view current print edition







American Pistachio Growers hoping California drought doesn't sink marketing plans

Richard Matoian, executive director of American Pistachio Growers, said the pistachio industry was set to reach 1 billion pounds of nuts between 2018 and 2020 until the current extreme drought situation struck California. Experts are calling it 400-year drought and the highest 2.5-year cycle since 1895.

IMG 5968George Soares and Jeff Gibbons of Setton Farms talk about water policy in California during a Feb. 14 meeting of American Pistachio Growers in Fresno, CA. (Photo by Ed Boling)"This drought will slow down growth," Matoian said at a Feb. 14 meeting of the American Pistachio Growers in Fresno, CA.

The pistachio industry has been growing steadily over the past decade. Between 2005 and 2013, exports have grown 207 percent and domestic shipments have grown 72 percent from APG growers.

APG serves as a commodity group as well as a trade association for pistachio growers in California, Arizona and New Mexico. Matoian added that the marketing budget for the 2013-14 season is set at $9 million.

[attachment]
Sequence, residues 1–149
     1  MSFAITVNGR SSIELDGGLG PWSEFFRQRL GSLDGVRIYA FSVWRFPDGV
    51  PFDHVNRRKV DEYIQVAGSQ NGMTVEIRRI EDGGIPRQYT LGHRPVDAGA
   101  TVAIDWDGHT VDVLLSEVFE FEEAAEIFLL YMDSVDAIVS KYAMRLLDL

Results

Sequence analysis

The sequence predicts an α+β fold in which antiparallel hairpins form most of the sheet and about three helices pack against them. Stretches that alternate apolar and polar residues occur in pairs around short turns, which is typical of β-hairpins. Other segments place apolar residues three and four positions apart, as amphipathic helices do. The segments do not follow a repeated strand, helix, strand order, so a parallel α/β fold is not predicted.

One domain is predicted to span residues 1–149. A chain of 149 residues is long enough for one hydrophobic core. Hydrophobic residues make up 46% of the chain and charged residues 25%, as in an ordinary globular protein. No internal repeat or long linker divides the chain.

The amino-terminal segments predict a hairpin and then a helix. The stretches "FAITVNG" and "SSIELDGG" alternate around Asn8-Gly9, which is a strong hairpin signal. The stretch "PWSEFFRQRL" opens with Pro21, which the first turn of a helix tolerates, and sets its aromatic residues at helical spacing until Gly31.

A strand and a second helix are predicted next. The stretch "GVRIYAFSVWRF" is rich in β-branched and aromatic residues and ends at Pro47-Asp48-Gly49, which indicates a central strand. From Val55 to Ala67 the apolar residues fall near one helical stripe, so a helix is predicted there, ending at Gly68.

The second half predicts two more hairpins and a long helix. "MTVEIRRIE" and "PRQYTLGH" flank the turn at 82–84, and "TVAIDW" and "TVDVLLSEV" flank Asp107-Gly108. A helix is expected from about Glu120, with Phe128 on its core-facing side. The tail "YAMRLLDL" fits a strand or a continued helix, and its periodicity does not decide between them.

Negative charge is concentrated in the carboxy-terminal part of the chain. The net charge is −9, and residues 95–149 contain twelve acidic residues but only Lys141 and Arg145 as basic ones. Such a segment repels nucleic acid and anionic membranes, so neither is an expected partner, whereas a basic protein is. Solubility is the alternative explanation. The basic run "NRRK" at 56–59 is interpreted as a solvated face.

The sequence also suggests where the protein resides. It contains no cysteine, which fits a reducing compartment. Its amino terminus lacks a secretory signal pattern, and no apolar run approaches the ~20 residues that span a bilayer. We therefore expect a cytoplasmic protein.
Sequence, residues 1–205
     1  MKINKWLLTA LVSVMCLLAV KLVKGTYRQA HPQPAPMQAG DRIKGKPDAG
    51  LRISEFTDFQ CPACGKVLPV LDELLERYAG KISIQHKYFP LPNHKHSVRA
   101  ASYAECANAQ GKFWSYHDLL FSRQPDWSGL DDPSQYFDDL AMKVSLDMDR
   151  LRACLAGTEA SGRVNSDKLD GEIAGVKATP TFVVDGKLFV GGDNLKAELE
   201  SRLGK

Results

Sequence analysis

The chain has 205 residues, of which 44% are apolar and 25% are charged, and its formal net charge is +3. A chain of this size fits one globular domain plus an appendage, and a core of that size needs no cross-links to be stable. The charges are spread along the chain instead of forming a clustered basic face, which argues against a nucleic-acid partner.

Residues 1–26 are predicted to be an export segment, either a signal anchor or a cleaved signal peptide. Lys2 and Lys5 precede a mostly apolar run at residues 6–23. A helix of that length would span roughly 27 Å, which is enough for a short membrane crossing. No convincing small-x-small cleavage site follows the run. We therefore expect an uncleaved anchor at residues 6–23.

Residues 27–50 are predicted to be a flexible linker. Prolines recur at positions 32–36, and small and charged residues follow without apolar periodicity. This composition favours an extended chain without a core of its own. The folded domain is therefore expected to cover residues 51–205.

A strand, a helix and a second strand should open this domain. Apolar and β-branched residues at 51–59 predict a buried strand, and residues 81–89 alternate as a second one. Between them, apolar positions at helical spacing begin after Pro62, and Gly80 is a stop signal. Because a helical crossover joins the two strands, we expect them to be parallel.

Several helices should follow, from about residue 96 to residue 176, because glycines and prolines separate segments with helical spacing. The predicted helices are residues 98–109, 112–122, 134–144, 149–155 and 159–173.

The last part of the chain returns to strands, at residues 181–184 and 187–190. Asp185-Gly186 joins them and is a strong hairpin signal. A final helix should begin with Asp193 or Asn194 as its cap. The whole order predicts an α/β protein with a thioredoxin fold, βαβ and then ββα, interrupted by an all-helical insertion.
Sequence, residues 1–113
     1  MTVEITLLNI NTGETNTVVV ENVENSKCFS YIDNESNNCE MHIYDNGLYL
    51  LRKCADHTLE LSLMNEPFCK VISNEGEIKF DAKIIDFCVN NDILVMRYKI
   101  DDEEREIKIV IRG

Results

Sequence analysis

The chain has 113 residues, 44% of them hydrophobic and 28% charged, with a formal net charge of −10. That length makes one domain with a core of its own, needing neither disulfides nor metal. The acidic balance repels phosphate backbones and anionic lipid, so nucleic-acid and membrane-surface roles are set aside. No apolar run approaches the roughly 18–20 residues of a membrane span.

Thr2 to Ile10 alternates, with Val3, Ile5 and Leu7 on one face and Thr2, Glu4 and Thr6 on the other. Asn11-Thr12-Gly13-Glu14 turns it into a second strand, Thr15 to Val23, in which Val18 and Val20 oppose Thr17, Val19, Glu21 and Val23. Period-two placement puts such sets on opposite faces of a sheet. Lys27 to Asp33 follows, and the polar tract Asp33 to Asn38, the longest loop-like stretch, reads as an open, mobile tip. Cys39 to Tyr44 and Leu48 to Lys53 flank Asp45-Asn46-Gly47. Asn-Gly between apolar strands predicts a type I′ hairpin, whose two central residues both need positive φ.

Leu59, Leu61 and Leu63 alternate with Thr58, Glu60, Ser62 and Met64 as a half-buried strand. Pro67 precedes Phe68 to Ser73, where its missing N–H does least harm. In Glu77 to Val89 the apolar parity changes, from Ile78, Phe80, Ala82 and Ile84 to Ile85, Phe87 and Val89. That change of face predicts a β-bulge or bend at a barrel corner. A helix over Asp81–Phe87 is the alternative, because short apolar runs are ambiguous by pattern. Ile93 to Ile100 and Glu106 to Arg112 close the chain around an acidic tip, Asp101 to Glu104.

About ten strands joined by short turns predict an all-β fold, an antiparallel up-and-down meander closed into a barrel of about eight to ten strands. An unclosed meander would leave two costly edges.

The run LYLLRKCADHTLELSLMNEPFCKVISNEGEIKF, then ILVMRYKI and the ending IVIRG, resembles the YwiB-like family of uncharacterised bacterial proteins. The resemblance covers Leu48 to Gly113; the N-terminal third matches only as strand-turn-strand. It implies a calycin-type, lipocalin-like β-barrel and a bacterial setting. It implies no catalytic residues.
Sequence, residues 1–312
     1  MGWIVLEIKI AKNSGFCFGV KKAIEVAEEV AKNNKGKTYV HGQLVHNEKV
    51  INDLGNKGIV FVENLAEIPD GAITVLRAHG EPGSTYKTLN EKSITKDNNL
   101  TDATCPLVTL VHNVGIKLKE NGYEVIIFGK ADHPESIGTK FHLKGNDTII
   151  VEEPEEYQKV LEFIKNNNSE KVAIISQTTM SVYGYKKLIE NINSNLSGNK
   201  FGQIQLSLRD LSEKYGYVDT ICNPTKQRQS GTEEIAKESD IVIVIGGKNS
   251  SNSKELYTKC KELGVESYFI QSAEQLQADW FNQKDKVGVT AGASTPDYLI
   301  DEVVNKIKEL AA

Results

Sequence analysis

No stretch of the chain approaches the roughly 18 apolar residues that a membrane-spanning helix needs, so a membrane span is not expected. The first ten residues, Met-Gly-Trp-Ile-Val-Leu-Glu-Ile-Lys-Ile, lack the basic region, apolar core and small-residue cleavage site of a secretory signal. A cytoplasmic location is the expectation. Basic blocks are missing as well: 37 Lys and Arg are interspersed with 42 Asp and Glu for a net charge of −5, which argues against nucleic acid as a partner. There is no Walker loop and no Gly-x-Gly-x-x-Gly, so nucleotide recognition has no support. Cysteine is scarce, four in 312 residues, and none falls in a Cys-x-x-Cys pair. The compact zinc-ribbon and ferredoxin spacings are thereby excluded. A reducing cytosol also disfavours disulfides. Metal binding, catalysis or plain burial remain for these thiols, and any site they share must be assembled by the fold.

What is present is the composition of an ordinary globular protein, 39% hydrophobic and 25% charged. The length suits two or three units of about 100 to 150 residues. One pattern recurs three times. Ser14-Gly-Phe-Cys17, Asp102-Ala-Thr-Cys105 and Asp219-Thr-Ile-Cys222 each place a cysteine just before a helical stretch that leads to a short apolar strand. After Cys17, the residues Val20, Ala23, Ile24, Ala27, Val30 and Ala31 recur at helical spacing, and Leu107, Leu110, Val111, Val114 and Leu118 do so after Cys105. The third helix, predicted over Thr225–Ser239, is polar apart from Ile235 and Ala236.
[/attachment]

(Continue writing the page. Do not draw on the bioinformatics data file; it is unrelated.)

Researcher Bob Beede of the University of California Cooperative Extension, said that a drought year will lead to smaller nuts in the following year. He added that the industry has taken great measures to conserve water, with 95 percent of pistachio trees being irrigated through drip irrigation.

George Soares of Kahn, Soares and Conway LLP is working to get a water bond on the ballot in 2014. He said the drought is affecting everyone, not just farmers.

He added that California needs to have a two-pronged goal of spending at least $3 billion for water storage and Delta sustainability, which is a huge issue for environmentalists.